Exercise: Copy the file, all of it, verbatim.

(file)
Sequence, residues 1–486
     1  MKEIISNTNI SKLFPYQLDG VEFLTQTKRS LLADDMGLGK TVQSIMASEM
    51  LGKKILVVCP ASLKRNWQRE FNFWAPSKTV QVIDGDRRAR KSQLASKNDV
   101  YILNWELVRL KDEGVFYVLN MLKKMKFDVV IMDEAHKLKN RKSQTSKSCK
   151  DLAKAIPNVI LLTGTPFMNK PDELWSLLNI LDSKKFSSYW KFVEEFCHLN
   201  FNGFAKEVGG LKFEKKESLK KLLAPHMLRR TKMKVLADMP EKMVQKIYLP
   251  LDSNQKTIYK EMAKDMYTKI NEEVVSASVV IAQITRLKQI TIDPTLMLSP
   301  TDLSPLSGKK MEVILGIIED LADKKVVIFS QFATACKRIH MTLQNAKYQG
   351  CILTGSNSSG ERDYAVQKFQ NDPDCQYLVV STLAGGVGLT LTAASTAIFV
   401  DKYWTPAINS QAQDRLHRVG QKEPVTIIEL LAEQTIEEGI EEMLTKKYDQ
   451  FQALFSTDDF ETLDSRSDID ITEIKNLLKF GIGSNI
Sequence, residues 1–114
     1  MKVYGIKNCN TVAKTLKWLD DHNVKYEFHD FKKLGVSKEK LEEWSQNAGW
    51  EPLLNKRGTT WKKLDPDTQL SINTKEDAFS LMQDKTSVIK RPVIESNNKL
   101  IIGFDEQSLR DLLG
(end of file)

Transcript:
Sequence, residues 1–486
     1  MKEIISNTNI SKLFPYQLDG VEFLTQTKRS LLADDMGLGK TVQSIMASEM
    51  LGKKILVVCP ASLKRNWQRE FNFWAPSKTV QVIDGDRRAR KSQLASKNDV
   101  YILNWELVRL KDEGVFYVLN MLKKMKFDVV IMDEAHKLKN RKSQTSKSCK
   151  DLAKAIPNVI LLTGTPFMNK PDELWSLLNI LDSKKFSSYW KFVEEFCHLN
   201  FNGFAKEVGG LKFEKKESLK KLLAPHMLRR TKMKVLADMP EKMVQKIYLP
   251  LDSNQKTIYK EMAKDMYTKI NEEVVSASVV IAQITRLKQI TIDPTLMLSP
   301  TDLSPLSGKK MEVILGIIED LADKKVVIFS QFATACKRIH MTLQNAKYQG
   351  CILTGSNSSG ERDYAVQKFQ NDPDCQYLVV STLAGGVGLT LTAASTAIFV
   401  DKYWTPAINS QAQDRLHRVG QKEPVTIIEL LAEQTIEEGI EEMLTKKYDQ
   451  FQALFSTDDF ETLDSRSDID ITEIKNLLKF GIGSNI
Sequence, residues 1–114
     1  MKVYGIKNCN TVAKTLKWLD DHNVKYEFHD FKKLGVSKEK LEEWSQNAGW
    51  EPLLNKRGTT WKKLDPDTQL SINTKEDAFS LMQDKTSVIK RPVIESNNKL
   101  IIGFDEQSLR DLLG